Commentary: When 'Dancing with the Stars' Gets Classical

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It used be a regular occurrence to hear classical music on network TV in prime time, particularly in the '50s and '60s. Leonard Bernstein had his own TV show. You could see Itzhak Perlman or Joan Sutherland on, for example, "The Ed Sullivan Show." Throughout the '70s and '80s, you could actually count on there being classical music on basic-cable channels. By the start of the new century, that all seemed to disappear to the world of reality shows and games.

But if you look, and not that hard, you’ll notice a quiet return of classical music to the airwaves. "America’s Got Talent" has featured a handful of classical (or semi-classical) artists. One might question their level of professionalism, but, please, let that go. Let’s all just be thankful an attempt is being made.

This week, one of the hottest shows on TV today, "Dancing with the Stars," has embraced classical music for the second year in a row. Our leading ambassador of hot hunky violin playing, Joshua Bell, will be featured Monday night playing Vivaldi’s Summer from The Four Seasons. We are told he won’t dance, but we can only hope. But you will see Welsh mezzo-soprano Kathrine Jenkins dance.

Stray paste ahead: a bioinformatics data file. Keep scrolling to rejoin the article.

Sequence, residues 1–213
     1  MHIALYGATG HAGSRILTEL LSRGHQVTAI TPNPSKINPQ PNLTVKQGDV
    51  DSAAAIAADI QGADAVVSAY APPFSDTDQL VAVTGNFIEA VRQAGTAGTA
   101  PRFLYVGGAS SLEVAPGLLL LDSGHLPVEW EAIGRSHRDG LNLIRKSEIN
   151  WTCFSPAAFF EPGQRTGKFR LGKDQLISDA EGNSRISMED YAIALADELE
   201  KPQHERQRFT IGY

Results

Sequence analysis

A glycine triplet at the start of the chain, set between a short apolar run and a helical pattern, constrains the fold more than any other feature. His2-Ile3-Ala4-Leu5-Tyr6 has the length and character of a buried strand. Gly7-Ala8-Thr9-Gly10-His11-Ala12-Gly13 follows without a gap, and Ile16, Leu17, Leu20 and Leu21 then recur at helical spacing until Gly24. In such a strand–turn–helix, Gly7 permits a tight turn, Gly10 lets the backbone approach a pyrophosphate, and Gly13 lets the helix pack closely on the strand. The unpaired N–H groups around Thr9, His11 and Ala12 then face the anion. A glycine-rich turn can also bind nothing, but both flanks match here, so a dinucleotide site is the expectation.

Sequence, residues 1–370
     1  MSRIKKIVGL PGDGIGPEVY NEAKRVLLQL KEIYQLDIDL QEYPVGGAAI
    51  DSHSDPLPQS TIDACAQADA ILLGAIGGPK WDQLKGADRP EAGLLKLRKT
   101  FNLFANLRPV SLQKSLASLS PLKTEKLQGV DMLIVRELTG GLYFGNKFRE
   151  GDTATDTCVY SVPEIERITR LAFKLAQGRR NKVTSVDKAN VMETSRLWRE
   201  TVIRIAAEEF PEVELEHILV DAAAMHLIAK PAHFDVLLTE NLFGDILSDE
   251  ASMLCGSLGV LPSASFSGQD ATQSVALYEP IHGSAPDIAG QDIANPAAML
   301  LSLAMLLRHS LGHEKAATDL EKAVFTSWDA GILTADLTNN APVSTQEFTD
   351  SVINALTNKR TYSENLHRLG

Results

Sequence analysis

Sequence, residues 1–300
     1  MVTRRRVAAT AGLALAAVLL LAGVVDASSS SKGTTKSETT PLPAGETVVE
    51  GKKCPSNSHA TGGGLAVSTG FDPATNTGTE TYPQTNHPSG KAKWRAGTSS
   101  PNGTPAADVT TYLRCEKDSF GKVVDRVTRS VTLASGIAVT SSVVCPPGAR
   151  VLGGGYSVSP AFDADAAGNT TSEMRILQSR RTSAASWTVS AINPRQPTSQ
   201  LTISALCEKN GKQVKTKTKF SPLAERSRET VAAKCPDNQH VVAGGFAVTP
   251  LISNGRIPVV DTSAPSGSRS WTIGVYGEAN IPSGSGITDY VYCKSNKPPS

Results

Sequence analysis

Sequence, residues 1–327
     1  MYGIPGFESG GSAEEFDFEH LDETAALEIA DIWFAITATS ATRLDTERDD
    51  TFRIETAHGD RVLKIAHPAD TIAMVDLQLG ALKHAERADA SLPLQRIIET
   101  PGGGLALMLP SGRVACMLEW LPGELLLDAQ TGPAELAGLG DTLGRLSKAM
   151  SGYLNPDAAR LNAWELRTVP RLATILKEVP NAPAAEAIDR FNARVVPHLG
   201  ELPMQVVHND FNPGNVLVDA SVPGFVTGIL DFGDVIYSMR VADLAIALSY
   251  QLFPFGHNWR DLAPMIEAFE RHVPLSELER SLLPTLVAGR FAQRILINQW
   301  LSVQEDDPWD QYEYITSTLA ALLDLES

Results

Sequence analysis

Also scheduled to sing is Jackie Evancho, the now 12-year-old American sensation. I know I hear toes curling around the classical music world over this little girl. But let’s remember Mozart was that age when he was trotted out on tour.

Also on hand will be the Italian tenor Vittorio Grigolo, who once performed with Pavarotti.

Among the dance tunes you’ll hear will be a Viennese waltz, tango, a Spanish dance in addition to the Vivaldi.

I think Ed Sullivan would be proud.